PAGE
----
The Luv-A-Fair ran its course like everything else; its memory buoyed by occasional tribute evenings sponsored by Vernard Goud’s LuvnGrace Entertainment. By 1986 Vincent Alvaro opened Graceland, which paved the way for ‘house,’ the Shea brothers and Debbie Jones. Steven R. Gilmore had become a graphic artist, quit DJing and kept in touch with Skinny Puppy. For Skinny Puppy things were just getting started.
Skinny Puppy is performing on February 28 at the Commodore Ballroom.
By Susanne Tabata
Steven R. Gilmore photo (middle): Brion Topolski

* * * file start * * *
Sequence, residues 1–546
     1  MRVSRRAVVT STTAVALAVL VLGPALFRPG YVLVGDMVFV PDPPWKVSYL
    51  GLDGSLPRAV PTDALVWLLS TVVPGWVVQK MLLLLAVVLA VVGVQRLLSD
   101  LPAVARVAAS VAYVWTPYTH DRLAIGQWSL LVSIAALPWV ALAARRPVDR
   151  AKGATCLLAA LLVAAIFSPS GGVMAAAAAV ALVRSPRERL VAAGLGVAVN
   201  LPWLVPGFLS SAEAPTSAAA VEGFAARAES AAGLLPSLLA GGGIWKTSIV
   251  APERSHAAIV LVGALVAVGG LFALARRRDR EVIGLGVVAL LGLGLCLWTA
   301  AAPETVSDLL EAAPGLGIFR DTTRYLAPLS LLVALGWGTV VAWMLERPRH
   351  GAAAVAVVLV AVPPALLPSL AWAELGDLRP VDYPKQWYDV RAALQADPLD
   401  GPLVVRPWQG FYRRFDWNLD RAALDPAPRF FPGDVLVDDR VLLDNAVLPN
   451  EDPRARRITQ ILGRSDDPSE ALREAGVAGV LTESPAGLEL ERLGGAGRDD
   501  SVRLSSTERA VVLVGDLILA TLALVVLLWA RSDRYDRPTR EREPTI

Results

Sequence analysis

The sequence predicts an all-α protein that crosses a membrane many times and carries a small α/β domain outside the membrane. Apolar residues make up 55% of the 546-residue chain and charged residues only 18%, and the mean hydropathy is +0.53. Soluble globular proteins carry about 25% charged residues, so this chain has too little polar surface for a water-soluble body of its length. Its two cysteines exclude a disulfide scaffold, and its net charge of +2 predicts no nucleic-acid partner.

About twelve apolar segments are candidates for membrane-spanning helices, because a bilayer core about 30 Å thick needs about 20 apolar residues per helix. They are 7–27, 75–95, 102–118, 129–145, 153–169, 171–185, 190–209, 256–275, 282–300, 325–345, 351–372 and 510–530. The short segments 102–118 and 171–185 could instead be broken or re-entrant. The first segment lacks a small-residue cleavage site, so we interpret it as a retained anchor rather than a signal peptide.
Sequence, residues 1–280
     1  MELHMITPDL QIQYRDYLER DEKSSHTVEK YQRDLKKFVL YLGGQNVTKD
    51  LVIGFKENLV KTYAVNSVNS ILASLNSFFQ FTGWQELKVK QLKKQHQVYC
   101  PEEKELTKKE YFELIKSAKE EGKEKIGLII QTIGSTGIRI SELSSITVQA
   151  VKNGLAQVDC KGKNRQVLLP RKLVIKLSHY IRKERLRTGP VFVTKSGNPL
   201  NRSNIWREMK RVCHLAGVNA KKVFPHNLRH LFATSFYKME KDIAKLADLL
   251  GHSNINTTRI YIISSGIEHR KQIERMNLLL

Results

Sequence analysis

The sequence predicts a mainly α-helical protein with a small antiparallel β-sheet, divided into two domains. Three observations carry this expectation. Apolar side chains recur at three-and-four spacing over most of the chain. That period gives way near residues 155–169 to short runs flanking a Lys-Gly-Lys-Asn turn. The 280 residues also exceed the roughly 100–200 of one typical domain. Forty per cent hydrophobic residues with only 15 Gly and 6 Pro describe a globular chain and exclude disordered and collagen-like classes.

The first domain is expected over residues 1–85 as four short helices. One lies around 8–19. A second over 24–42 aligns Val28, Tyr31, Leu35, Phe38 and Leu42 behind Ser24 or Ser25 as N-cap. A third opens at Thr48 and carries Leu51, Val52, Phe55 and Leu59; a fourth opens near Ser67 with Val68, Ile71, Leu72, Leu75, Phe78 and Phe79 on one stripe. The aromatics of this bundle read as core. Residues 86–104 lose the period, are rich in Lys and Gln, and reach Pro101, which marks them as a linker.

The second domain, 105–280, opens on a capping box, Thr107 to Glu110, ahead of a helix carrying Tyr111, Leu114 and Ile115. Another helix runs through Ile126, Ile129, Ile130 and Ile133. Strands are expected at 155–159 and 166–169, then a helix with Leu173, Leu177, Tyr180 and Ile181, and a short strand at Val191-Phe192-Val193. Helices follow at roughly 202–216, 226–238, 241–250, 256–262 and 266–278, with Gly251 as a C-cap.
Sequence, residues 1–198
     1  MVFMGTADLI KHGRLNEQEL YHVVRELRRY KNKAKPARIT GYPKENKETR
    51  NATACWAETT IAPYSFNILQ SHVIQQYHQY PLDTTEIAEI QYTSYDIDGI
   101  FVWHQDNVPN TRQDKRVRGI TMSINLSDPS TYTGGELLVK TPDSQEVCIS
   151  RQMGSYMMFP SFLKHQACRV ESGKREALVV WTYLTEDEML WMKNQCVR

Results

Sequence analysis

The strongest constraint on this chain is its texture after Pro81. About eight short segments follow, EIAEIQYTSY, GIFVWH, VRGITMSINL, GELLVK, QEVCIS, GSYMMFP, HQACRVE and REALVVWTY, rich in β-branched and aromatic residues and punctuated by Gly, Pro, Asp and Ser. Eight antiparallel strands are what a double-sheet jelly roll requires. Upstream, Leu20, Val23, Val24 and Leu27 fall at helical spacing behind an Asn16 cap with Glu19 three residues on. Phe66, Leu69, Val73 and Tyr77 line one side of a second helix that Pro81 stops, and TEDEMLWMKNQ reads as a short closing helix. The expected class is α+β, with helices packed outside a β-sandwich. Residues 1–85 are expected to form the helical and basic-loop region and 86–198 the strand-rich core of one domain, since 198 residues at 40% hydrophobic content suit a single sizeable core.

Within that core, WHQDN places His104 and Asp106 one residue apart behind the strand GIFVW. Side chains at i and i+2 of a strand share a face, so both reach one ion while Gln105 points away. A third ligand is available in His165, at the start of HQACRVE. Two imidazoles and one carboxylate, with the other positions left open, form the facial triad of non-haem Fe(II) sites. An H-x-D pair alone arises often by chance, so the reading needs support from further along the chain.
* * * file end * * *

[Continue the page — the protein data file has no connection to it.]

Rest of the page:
Susanne Tabata works in digital media and makes subculture documentaries. Past work include: Skategirl, which is about the parallel journeys of professional women skateboarders; 49Degrees, which explores the history of West Coast surfing subculture; and Bloodied But Unbowed, the story about the rise and fall of the first Vancouver punk scene. Tabata was part of the underground music TV show Nite Dreems with radio legends JB Shayne and John Tanner and stinted at CITR as a DJ during the new wave era.